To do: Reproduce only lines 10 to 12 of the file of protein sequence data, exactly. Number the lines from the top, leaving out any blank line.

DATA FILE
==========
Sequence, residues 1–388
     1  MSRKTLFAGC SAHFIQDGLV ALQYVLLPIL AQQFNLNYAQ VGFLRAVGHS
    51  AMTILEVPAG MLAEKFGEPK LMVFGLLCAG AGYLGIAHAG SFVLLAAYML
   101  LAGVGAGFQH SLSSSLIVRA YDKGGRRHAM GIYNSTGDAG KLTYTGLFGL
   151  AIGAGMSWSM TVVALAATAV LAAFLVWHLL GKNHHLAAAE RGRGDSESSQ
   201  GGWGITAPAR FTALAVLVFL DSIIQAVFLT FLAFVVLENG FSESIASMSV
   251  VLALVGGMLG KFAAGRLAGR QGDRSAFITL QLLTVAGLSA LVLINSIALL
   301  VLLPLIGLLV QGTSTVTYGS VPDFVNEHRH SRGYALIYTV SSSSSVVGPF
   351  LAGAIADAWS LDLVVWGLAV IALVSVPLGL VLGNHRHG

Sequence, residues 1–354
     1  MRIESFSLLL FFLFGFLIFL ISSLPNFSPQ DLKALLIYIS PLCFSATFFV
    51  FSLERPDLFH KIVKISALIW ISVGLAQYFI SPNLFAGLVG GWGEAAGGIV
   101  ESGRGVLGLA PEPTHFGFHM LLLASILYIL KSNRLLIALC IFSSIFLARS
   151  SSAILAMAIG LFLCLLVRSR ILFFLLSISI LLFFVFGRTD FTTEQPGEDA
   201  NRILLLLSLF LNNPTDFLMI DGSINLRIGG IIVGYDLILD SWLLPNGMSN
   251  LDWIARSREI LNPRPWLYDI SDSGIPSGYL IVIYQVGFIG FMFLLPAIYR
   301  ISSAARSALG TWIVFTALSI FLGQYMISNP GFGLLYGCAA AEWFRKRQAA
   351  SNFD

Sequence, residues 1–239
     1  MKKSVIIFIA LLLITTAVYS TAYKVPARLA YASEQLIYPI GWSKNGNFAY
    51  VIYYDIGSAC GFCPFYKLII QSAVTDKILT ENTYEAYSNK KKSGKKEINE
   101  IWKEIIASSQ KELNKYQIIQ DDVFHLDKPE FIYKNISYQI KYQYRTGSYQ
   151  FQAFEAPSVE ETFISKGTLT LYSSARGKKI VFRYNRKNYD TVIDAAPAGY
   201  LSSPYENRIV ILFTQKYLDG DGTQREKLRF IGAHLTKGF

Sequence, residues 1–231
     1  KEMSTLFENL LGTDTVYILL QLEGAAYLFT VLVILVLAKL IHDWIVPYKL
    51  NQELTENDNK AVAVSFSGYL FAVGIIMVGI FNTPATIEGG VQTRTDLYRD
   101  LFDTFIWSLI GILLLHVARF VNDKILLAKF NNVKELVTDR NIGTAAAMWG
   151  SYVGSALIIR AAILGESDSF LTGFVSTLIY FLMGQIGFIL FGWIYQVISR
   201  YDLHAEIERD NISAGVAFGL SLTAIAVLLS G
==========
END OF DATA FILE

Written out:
Sequence, residues 1–354
     1  MRIESFSLLL FFLFGFLIFL ISSLPNFSPQ DLKALLIYIS PLCFSATFFV
    51  FSLERPDLFH KIVKISALIW ISVGLAQYFI SPNLFAGLVG GWGEAAGGIV